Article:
Saturday Morning


Photo by David Godlis via Craveonline.com – Take a trip back in Time to Miami Beach, 1974

T.G.I.T.: 5:00 Bell!

black and white


Source: Photograph by  (via Newthom)

Let’s Go Swimming (In Suining)

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More than 6,000 people pour into the swimming pool at the Dead Sea tourist resort to avoid summer heat in Suining, China.  See more photos and back story here: Chinese Tourists REALLY Love Their Swimming Pool At The ‘Daying Dead Sea’


Photo Source: wsj.com

Summer

Jean-Daniel-Lorieux


Notes: Photograph shot by Jean-Daniel Lorieux in Djerba, an island off the coast of Tunisia which is known for Mediterranean beaches and whitewashed desert towns. Find more of his photos on his Facebook page.   (Source: This Isn’t Happiness)

 

90° F, and simmering. That in earth, on leaf, in air, seethed.

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Around us in our shade and hush
Roared summer’s fierce fecundity,
And the sun struck down,
In blare and dazzle, on the myth of the world, but we
Safe in the bourne of distance and shade,
Sat so silent that, from woods coming down
To the whitewashed fence but yards behind me,
I heard the secret murmur and hum
That in earth, on leaf, in air, seethed.

~ Robert Penn Warren, from “Safe in Shade,” Being Here: Poems 1977-1980


Credits:

Today’s Forecast

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Source: Birthe Piontek via This Isn’t Happiness.  Piontek is a fine art photographer based in Vancouver BC, Canada.  Originally from Germany, she moved to Canada in 2005 after receiving her MFA from the University of Essen in Communication Design and Photography.

Truth

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It was one of those humid days
when the atmosphere gets confused.
Sitting on the porch, you could feel it:
the air wishing it was water.

~ Jeffrey Eugenides, Middlesex 


Image: Richard Clarkson

What happened to that semi-sacred reading space during the golden months?

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A few years ago, in the Boston Globe, Craig Fehrman wrote an amusing piece about the origins of the summer reading list in the late 19th century. He connected it to the rise of the American vacation. A growing middle class meant the advent of leisure time, and these developments coincided with the desire of working Americans to escape the increasingly routinized nature of their jobs.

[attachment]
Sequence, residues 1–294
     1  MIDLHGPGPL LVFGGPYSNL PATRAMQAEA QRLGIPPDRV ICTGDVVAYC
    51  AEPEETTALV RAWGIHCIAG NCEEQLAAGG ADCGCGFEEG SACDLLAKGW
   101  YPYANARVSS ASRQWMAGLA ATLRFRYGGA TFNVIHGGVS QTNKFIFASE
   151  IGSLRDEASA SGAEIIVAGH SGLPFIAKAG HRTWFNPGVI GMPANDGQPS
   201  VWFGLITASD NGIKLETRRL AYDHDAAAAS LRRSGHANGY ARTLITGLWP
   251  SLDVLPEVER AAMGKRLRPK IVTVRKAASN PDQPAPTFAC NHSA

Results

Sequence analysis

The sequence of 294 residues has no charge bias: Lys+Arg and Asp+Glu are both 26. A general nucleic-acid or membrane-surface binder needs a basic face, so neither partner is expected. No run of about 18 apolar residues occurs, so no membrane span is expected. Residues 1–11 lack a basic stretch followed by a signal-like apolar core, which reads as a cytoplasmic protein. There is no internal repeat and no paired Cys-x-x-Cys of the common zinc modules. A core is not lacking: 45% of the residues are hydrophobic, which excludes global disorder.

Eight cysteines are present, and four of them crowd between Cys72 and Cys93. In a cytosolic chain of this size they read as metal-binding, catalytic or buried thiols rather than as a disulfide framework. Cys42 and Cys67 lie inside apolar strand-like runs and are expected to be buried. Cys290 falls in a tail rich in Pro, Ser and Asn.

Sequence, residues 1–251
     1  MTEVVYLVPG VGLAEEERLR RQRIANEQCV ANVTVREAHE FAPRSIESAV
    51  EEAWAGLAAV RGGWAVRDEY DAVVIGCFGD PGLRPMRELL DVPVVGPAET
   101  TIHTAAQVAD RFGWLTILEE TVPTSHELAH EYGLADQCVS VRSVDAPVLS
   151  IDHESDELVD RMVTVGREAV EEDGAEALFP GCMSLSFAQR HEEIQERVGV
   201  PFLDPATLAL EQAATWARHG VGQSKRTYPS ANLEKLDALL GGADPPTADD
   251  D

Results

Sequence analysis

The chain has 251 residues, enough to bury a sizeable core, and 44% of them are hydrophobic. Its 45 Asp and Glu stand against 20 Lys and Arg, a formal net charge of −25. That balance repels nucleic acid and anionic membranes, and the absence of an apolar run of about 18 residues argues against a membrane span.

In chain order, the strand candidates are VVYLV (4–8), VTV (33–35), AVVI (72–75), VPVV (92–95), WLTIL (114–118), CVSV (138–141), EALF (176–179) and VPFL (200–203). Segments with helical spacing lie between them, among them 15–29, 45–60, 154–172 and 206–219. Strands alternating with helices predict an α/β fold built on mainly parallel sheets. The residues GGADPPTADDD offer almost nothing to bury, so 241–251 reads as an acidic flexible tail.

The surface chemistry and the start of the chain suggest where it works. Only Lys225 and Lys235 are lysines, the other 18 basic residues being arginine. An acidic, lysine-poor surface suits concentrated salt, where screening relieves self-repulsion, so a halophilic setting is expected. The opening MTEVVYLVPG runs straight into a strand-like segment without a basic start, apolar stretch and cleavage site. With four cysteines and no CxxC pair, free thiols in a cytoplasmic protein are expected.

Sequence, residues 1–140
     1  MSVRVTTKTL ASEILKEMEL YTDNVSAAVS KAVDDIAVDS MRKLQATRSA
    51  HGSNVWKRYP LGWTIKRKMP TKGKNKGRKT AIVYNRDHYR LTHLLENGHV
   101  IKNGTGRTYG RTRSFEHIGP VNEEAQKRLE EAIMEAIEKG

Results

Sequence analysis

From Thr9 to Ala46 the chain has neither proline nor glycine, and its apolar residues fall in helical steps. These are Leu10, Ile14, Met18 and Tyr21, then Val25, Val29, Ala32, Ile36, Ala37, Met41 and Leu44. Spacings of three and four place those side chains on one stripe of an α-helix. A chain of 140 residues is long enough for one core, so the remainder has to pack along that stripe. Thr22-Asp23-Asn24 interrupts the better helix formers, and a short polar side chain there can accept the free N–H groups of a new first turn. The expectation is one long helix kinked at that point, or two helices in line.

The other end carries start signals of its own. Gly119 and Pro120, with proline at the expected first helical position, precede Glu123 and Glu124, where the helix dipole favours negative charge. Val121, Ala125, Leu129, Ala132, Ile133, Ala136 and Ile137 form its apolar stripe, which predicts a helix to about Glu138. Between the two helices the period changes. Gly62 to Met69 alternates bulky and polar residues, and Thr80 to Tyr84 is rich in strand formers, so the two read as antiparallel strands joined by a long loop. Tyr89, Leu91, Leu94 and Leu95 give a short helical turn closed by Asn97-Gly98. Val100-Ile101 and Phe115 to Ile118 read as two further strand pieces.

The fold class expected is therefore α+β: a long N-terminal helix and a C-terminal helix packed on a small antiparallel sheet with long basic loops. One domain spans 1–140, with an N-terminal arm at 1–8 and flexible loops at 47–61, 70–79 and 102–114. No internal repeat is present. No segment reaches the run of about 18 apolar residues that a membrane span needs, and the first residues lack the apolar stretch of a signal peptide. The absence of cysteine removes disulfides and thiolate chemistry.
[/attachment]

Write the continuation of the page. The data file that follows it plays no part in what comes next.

The emphasis at that time was on light reading, on diversionary texts that would relieve the harried mind. Mr. Fehrman quotes from an article that appeared in the Chicago Tribune in 1872 that recommended summer books which “the idler can take with him into solitude, and read with delightful pauses, when with indolent finger upon the page, his eye wanders up some green vista, or catches some view of the distant sea, and his ear is soothed with the distant murmur of the winds and waves.” In other words, if you’re too distracted to read, bring along a book that will not make you feel guilty if you never finish it. […]

And what did it matter if you never finished any of these books, if a lot of people picked up Tolstoy’s classic summer after summer and never got through the peace part to the war part? The idea of perfecting your inner life by reading the right books over the summer was as much a chimera as the idea of the perfect summer.

Still, looking forward to that spell of leisure and self-edification got you through the winter, and it consoled you with the illusion of a replenishing pause, outside the frame of mortal space and time. The Summer Book will always be with me. Even now, as my indolent finger falls upon a page of Gibbon’s masterwork on the Roman empire (summers of 1975-76, 1978-80, 2014-15, status: pending), winter’s workaday grind and piles of snow seem far, far away.

~ Lee Siegel, The End of the Ambitious Summer Reading ListFor generations, Americans used the golden months to catch up on great old books and modern must reads. What happened to that semi-sacred reading space?

T.G.I.F.: Shark Attack!

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Source: gifak-net

The first week of August

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The first week of August hangs at the very top of summer, the top of the live-long year, like the highest seat of a Ferris wheel when it pauses on its turning. The weeks that come before are only a climb from balmy spring, and those that follow a drop to the chill of autumn, but the first week of August is motionless, and hot. It is curiously silent, too, with blank white dawns and glaring noons, and sunsets smeared with too much color.

–Natalie Babbitt, from Tuck Everlasting


Notes: Image Source: David Pichler, 3oneseven.com (via Mennyfox55). Quote source: Paper Ghosts

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